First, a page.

This whole process is quite easy, but it requires some time. When I notice that I am losing the focus in my over-creative state of mind this is the perfect thing to do. Stick your hands into the dirt and let your brain reboot. 

Tuesday 7 May 2013

Of Fish And Abyss

Before I create a piece of tableware I usually have a clear idea of its future function. So, if I want a nice soup bowl for the pumpkin soup I am considering the best possible colour and shape for the bowl. At the same time I am trying not to forget the functionality. The tableware should be user friendly and yet have the artistic value. 

Several years ago, I have decided to make sushi plates. I knew that I wanted them to be blue, small, square and with some kind of fish-skin pattern. The biggest challenge was to achieve the fish scales look. I have even been pressing some real big fishes on the slabs of clay to get the pattern, but the result wasn’t satisfactory. And finally, those poor beings should be treated respectfully before they end up on the plate after all. Since I wasn’t in the mood to carve every single of those fish scales by hand I have decided to use different fishnet stockings.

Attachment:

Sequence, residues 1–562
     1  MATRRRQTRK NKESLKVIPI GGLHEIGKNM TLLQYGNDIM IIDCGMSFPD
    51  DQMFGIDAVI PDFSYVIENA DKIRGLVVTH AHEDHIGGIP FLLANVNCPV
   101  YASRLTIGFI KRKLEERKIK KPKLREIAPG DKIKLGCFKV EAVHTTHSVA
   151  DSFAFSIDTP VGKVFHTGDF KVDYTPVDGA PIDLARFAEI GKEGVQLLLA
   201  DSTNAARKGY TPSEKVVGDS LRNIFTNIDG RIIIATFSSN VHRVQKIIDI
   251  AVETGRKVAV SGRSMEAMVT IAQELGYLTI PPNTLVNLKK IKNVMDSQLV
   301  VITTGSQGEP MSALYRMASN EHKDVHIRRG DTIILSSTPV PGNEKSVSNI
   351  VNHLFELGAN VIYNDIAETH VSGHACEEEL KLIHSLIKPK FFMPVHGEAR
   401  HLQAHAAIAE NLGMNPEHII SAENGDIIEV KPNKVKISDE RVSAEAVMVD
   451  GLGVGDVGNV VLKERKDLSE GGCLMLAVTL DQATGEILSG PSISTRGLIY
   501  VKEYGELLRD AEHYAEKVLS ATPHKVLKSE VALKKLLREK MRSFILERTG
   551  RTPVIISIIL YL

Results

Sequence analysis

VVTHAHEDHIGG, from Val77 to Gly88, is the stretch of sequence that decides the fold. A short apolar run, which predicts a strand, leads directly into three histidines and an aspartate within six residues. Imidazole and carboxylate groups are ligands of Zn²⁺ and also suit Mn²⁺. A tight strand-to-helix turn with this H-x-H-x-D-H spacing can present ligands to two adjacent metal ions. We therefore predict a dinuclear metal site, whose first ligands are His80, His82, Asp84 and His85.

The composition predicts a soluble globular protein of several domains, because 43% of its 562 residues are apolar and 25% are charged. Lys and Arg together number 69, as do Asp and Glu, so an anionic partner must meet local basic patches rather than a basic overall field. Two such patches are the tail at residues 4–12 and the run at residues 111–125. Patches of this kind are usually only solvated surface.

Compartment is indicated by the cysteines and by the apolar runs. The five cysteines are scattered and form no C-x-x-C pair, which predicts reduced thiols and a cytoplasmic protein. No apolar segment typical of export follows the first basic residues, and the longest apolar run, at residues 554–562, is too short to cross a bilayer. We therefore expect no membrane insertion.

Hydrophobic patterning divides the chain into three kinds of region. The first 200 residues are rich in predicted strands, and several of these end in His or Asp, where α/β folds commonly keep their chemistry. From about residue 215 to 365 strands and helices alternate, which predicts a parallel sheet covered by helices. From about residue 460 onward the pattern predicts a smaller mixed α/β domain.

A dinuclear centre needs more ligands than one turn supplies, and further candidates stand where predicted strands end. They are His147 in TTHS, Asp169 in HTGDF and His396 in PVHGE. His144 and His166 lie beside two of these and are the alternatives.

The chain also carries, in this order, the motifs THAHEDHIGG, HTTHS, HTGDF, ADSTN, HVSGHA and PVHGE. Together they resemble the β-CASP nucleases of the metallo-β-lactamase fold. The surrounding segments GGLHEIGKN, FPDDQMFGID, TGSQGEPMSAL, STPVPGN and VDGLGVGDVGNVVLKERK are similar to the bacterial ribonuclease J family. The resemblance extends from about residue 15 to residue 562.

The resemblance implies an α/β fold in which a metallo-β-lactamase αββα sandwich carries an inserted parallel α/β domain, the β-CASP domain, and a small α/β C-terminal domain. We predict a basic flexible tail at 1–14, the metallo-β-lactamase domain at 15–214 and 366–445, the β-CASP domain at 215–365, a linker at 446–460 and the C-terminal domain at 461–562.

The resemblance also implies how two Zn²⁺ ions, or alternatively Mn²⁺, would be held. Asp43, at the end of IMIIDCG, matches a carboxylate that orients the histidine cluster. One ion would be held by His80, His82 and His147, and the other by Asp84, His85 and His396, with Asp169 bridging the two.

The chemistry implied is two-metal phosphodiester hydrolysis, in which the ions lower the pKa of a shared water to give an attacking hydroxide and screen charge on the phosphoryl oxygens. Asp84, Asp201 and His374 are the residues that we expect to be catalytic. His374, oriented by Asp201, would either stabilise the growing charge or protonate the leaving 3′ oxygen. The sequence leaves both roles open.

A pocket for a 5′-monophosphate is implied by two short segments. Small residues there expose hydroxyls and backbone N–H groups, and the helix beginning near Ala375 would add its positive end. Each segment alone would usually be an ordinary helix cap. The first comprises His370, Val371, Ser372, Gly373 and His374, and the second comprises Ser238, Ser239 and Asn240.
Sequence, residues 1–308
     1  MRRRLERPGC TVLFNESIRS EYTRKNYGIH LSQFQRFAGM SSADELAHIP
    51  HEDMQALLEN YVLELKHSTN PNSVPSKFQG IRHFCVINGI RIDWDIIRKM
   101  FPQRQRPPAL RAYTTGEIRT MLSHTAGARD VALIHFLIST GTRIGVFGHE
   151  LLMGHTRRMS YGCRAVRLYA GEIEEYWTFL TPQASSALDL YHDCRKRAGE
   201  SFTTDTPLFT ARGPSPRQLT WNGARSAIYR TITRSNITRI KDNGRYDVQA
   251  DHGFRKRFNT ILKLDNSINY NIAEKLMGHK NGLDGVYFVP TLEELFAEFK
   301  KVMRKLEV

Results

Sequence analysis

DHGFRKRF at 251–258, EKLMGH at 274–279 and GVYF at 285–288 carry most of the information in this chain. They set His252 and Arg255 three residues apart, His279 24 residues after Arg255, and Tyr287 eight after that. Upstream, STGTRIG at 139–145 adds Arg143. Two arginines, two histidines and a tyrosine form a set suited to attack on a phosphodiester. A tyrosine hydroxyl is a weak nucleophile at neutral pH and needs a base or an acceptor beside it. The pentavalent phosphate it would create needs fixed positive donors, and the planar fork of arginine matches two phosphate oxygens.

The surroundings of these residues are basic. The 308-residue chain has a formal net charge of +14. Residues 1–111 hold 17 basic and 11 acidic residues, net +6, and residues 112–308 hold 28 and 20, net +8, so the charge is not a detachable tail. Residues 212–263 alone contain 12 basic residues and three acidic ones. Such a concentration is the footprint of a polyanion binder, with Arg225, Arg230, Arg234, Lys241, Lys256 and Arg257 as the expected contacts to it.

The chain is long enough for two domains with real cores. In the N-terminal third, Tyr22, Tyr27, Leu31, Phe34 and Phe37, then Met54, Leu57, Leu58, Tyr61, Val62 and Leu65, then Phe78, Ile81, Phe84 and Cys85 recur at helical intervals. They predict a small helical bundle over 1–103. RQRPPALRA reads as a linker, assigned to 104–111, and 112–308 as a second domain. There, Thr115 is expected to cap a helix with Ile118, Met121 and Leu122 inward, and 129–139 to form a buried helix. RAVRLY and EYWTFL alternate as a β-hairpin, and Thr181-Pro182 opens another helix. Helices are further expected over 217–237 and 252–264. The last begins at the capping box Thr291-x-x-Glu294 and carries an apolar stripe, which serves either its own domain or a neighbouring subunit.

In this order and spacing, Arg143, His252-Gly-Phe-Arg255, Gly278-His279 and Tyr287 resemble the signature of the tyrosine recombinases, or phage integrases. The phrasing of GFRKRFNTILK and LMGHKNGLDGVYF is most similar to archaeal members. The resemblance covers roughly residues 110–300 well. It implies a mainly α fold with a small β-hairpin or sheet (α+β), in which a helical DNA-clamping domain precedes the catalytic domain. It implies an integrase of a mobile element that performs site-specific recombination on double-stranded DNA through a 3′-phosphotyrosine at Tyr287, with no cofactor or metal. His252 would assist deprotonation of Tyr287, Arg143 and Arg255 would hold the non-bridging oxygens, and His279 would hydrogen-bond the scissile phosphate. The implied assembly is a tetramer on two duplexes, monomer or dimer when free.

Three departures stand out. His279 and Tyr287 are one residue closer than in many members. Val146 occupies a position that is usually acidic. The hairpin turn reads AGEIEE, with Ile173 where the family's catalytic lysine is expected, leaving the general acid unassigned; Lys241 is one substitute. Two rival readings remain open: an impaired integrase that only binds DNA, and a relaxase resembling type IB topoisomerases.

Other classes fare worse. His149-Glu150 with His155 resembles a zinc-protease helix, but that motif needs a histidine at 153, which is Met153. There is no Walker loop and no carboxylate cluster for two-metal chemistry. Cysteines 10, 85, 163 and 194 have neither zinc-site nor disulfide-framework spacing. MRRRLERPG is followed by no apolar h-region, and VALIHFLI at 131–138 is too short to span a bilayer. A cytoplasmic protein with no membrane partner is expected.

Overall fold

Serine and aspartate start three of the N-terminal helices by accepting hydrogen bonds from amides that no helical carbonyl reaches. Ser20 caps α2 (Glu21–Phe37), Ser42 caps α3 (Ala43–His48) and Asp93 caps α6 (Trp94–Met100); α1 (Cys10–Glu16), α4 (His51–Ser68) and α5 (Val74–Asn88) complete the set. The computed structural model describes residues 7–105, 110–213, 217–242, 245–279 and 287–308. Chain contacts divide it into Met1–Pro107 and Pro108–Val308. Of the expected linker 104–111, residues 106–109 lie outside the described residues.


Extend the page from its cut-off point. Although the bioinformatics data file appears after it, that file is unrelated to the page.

Here you can see two of my favourites. 

Sushi plate, slab built stoneware, 18 cm in length.

Sushi plate, slab built stoneware, 21 cm in length.

This particular pattern may not look like fish scales but at least it gives the sense of the sea. Fish, sea, blue, fisherman, fishnet... it is the same semantic field, right? I can even recognize some kind of sea monster with its tentacles on the first plate. The second one looks like the sparkle of light in the ocean abyss. Can it get fishier than this? Here you can have a look at the closest I got to the fish or some will say snake scales look.

I have mentioned earlier that this glaze has its own ways. These two plates were glazed with the same glaze and they were situated on the same place in the kiln. Isn’t it amazing that they have turned out so differently?